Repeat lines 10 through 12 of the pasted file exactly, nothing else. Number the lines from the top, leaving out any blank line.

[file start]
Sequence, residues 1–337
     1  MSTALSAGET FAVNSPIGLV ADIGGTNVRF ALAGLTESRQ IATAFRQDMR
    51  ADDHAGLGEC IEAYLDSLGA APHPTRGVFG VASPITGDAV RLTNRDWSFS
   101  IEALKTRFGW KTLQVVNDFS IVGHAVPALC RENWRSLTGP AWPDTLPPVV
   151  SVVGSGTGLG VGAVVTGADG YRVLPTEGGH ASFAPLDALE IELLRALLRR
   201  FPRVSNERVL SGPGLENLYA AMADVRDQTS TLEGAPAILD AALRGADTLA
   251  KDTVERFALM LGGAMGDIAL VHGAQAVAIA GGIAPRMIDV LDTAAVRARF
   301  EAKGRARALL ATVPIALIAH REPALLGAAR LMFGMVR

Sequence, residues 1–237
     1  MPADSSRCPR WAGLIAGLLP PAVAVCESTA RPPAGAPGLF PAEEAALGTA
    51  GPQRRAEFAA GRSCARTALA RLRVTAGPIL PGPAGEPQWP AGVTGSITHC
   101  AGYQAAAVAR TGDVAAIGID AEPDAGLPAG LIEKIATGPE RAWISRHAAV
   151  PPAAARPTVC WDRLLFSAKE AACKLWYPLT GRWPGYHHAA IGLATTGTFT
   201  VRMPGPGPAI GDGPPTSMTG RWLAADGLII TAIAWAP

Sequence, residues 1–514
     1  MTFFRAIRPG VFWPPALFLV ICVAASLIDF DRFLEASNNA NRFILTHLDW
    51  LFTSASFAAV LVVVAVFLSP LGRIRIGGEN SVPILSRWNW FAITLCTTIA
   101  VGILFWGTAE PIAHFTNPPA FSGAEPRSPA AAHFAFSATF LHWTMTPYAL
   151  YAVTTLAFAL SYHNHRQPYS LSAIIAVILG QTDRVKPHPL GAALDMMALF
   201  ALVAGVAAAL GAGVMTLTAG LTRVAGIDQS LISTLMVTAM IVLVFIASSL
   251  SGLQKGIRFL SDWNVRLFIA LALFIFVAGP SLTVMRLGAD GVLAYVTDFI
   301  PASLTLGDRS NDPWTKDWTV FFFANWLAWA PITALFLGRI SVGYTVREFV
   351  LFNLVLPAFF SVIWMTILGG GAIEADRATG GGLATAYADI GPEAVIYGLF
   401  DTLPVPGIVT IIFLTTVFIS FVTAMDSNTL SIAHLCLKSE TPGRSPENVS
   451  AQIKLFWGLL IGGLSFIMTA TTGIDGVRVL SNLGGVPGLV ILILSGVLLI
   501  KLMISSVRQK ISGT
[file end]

     1  MPADSSRCPR WAGLIAGLLP PAVAVCESTA RPPAGAPGLF PAEEAALGTA
    51  GPQRRAEFAA GRSCARTALA RLRVTAGPIL PGPAGEPQWP AGVTGSITHC
   101  AGYQAAAVAR TGDVAAIGID AEPDAGLPAG LIEKIATGPE RAWISRHAAV